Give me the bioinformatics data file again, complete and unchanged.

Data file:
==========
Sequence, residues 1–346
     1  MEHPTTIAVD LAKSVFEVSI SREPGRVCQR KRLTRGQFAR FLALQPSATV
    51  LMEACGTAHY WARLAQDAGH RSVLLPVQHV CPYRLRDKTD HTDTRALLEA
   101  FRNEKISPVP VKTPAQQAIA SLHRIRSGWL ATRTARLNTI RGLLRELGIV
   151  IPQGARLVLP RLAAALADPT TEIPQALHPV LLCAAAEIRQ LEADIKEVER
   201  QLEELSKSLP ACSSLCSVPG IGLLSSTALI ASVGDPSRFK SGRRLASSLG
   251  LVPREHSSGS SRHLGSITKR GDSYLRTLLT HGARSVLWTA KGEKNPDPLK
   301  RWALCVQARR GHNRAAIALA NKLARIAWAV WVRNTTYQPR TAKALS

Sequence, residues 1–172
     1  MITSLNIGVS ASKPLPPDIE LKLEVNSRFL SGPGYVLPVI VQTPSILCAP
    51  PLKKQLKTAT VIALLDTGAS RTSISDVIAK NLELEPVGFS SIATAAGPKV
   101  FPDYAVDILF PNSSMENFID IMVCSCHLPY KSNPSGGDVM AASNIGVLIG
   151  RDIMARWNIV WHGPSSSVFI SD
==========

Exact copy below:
Sequence, residues 1–346
     1  MEHPTTIAVD LAKSVFEVSI SREPGRVCQR KRLTRGQFAR FLALQPSATV
    51  LMEACGTAHY WARLAQDAGH RSVLLPVQHV CPYRLRDKTD HTDTRALLEA
   101  FRNEKISPVP VKTPAQQAIA SLHRIRSGWL ATRTARLNTI RGLLRELGIV
   151  IPQGARLVLP RLAAALADPT TEIPQALHPV LLCAAAEIRQ LEADIKEVER
   201  QLEELSKSLP ACSSLCSVPG IGLLSSTALI ASVGDPSRFK SGRRLASSLG
   251  LVPREHSSGS SRHLGSITKR GDSYLRTLLT HGARSVLWTA KGEKNPDPLK
   301  RWALCVQARR GHNRAAIALA NKLARIAWAV WVRNTTYQPR TAKALS

Sequence, residues 1–172
     1  MITSLNIGVS ASKPLPPDIE LKLEVNSRFL SGPGYVLPVI VQTPSILCAP
    51  PLKKQLKTAT VIALLDTGAS RTSISDVIAK NLELEPVGFS SIATAAGPKV
   101  FPDYAVDILF PNSSMENFID IMVCSCHLPY KSNPSGGDVM AASNIGVLIG
   151  RDIMARWNIV WHGPSSSVFI SD